“… it will train the youth who are studying in the country so that each one, in the immediate future, can take up the position they’re assigned, and take those without hesitation.
“…that’s why I would like for you, today the owners of the university, to give it to the people. I don’t say that as a threat so that tomorrow they don’t take it from you. No – I’m simply saying this because it would be one more example of the so many beautiful examples that are being made in Cuba, if the owners of the Universidad Central de Las Villas, the students, gave it to the people through their revolutionary government.”
Through these words we can understand how Ernesto Guevara conceived of the relationship between society and the university, the key point of reform.
The formula of the guerrilla is, in a simplified way: This victorious government, which represents “the majority, almost all of the people of Cuba,” should guide the university so that it works at the service of the people.
Seen like this, it doesn’t seem so bad.
It wouldn’t be bad if the state-government had not become one that (in the view of Che and with his help) started destroying all the mechanisms for its control by civil society.
It wouldn’t be bad if the working class was truly the possessor of an epistemological superiority as affirmed the Marxism that Guevara understood.
It wouldn’t be bad if guidance had not been transformed into imposition, and into the demonization of those who think differently, as Che himself did in these speeches.
It serves nothing to sometimes use soft and conciliatory expressions like the “integration of the university with the revolutionary government” or “participation of the state in the governance of the University” and then use words having to do with control.
I can’t tell if it was naive or something else to think that a state-government like that, which was helping to take control of the revolution, could have been integrated or have participated in the governance of the university or any other institution.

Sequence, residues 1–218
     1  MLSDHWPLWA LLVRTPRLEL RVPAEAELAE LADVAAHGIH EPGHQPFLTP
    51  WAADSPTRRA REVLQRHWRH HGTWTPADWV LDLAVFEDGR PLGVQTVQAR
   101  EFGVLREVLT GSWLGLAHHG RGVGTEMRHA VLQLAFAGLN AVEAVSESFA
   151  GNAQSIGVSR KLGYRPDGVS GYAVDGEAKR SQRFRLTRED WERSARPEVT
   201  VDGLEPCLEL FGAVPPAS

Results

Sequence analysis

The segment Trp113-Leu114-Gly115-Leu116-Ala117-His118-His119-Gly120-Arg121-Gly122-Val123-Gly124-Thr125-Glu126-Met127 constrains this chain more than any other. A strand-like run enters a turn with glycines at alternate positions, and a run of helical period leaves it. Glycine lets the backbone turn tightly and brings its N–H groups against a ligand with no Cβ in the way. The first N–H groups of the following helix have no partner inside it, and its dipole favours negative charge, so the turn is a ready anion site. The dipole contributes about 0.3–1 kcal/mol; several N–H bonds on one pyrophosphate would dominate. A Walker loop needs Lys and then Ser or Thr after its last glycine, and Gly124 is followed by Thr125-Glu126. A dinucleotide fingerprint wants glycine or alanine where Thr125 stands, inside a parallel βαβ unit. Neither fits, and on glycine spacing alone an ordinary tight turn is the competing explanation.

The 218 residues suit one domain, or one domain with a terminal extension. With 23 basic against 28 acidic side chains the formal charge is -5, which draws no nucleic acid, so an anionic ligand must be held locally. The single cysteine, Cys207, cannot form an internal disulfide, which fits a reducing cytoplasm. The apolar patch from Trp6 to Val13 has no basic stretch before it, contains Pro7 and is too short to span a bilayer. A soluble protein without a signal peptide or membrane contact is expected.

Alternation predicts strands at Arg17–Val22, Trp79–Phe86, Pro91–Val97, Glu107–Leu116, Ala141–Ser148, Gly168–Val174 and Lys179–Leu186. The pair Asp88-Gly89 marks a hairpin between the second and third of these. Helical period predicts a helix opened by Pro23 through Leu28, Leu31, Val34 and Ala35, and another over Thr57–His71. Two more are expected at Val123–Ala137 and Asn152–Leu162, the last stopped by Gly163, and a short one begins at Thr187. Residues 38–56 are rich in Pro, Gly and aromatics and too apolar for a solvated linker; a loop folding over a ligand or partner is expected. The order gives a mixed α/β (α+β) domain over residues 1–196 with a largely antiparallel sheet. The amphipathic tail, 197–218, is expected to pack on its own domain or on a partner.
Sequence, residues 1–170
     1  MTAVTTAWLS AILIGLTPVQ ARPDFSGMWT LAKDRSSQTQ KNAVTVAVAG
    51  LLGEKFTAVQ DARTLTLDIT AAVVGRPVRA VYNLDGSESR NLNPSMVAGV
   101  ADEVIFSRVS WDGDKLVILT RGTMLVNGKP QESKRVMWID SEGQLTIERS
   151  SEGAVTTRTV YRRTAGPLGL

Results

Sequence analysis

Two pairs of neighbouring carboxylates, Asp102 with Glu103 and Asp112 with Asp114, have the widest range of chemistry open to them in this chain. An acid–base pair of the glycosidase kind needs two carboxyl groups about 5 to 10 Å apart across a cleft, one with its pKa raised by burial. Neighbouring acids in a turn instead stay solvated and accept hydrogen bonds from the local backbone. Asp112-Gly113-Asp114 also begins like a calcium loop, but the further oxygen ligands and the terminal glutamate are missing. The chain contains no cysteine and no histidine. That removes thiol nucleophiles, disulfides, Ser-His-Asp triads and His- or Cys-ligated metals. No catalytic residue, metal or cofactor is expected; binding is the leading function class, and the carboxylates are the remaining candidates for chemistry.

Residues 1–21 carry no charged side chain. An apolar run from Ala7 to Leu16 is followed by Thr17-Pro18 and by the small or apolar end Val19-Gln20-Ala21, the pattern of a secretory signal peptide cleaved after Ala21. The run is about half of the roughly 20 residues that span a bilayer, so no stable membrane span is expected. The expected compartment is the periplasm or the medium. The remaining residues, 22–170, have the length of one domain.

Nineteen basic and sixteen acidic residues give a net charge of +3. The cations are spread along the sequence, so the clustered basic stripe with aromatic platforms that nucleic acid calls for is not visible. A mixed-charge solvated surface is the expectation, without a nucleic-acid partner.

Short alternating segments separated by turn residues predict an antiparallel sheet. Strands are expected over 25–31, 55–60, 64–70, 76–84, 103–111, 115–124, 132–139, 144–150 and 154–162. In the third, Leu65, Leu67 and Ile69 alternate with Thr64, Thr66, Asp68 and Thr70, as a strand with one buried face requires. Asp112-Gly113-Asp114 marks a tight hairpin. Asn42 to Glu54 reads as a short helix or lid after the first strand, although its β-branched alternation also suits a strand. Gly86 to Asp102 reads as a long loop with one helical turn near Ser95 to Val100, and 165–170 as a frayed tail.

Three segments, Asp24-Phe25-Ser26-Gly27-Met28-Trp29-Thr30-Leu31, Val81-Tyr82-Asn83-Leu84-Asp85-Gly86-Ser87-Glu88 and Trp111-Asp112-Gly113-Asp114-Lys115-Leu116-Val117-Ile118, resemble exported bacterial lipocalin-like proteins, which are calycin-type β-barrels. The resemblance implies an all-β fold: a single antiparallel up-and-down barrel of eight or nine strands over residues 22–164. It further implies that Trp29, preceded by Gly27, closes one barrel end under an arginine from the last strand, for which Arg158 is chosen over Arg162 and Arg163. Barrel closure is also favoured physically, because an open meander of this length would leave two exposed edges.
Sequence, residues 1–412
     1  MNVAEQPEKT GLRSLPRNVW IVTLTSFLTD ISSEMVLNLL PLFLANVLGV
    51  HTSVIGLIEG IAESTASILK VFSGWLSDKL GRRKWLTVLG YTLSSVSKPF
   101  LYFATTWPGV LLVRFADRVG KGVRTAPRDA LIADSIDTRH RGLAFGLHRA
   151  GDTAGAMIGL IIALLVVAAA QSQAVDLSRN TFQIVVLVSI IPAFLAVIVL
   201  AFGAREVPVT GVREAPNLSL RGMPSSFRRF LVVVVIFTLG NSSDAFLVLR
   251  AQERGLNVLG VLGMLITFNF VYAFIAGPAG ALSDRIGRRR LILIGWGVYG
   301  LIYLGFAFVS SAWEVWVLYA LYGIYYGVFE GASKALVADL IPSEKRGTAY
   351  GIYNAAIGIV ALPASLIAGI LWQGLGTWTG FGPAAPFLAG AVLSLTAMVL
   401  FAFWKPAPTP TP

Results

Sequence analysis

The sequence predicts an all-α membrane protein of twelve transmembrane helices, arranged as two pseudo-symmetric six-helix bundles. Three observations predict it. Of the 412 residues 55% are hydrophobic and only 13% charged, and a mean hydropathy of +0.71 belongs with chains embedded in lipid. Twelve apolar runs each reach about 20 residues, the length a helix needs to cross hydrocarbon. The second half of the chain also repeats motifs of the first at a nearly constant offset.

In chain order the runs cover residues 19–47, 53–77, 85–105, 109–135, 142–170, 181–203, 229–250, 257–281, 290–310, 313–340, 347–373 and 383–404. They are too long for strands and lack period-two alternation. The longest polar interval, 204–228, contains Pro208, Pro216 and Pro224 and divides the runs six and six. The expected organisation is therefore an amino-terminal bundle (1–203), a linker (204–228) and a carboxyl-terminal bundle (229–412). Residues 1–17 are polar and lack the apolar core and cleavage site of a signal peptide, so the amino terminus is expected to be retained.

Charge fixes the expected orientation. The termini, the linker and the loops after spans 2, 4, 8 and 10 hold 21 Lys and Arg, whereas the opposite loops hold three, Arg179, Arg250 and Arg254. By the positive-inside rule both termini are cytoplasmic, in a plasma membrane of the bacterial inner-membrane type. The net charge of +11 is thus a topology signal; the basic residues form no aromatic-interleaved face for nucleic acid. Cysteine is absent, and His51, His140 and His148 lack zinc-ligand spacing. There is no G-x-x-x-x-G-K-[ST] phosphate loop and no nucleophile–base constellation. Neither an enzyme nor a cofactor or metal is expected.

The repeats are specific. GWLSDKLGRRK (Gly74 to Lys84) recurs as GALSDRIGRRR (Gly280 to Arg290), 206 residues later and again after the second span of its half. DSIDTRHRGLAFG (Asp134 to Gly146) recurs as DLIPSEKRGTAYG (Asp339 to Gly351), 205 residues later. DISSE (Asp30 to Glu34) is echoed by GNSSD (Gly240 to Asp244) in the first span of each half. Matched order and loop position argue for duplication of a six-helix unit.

It also supposes the students in a very submissive position. They were supposed to accept without hesitation the jobs they were assigned – consistent with their being humble citizens who the revolution had allowed to attend the university. Could such a notion be further removed from the reform?
In conclusion: Guevara struggled against the independence of the university in relation to society, and that’s all fine and well, but he did it by throwing the university at the feet of such a powerful and authoritarian government that ended up not respecting it, neither the university nor its students.
Perhaps because of that statist, populist, paternalistic and verticalista (top-down) vision of Guevara that the book by CLACSO leaves him for the end because he concurs perfectly with the mentality of the ruling elites (so-called revolutionaries) of the Americas today – those with whom CLACSO maintains…what relationship?
* CLACSO: Latin American Council of Social Sciences
** “To struggle ferociously”: it seems that the students of that time were still struggling ferociously for something.